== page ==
The Battle for Natural Resources

October 28, 1988

Report Outline
Special Focus

Introduction

There's a new gold rush taking place in the West, and it's renewed an old conflict over how the government manages its natural resources. Should development and commodity production be the government's primary objectives? Or should they be resource management and preservation?

Go to top

Overview

Out on the West's wide open spaces, America is now replaying the colorful frontier days of the great gold and silver rushes. With gold now selling for $400 an ounce, miners are using new technologies to extract low-grade ore from barren sagebrush flats and trout-rich mountain streams. Nevada's gold production alone has reached 2 million ounces per year—worth at least $800 million. Modern-day prospectors, hoping for even more riches, staked 50,000 mining claims in Nevada last year.

Although most of the gold is coming from lands owned by the U.S. government, the government does not control where the mining takes place, nor does it collect a share of the wealth that gold miners take from public resources. That's because the General Mining Law of 1872, signed by President Ulysses S. Grant, still gives prospectors virtually free rein to explore federally owned lands, stake mining claims and buy potentially rich government lands for a mere $5 an acre.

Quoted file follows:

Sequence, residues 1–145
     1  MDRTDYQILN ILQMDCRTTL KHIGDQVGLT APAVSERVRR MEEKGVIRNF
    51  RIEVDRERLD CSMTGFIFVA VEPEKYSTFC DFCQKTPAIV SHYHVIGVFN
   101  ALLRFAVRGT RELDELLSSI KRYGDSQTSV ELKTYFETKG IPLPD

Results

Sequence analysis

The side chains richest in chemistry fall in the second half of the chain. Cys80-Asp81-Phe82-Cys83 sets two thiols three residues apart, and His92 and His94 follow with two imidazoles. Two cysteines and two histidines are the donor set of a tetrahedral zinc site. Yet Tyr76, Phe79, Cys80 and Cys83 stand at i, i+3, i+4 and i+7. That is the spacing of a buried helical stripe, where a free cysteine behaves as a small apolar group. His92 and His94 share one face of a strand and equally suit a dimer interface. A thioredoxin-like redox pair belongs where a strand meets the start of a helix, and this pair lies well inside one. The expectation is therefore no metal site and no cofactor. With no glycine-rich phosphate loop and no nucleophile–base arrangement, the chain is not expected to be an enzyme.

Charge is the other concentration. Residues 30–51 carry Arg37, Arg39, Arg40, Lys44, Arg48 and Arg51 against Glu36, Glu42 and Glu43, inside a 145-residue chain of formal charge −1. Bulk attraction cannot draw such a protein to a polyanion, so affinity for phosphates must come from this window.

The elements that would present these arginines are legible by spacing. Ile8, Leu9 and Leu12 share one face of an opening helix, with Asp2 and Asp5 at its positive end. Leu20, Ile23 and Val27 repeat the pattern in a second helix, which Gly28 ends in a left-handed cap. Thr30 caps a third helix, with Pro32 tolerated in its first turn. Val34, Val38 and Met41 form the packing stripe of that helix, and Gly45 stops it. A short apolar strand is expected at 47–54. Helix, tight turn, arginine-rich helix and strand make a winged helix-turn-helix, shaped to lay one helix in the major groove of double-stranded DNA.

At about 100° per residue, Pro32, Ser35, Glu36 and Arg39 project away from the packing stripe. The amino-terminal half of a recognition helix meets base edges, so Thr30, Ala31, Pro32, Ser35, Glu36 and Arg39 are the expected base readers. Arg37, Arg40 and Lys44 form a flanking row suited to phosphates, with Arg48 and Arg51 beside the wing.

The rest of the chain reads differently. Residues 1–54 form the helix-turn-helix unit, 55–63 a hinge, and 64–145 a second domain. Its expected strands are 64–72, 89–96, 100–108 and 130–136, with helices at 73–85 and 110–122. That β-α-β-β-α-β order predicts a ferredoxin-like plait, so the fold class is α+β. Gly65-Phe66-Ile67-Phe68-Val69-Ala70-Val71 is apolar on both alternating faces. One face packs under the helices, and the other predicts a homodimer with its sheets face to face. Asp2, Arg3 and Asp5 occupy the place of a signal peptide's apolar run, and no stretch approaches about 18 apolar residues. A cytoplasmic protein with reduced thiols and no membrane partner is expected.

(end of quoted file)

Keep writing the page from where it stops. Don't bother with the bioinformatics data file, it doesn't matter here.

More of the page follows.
ISSUE TRACKER for Related Reports
Natural Resources
Dec. 20, 2011  The Resource Curse
Dec. 09, 2011  Water Crisis in the West
Jan. 18, 2011  Disappearing Forests
Aug. 2008  Race for the Arctic
Feb. 2008  Looming Water Crisis
Oct. 28, 1988  The Battle for Natural Resources
Mar. 21, 1951  International Control of Essential Materials
Oct. 11, 1935  Raw Materials and World Peace
BROWSE RELATED TOPICS:
Forests and Rangelands
Land Resources and Property Rights
Oil and Natural Gas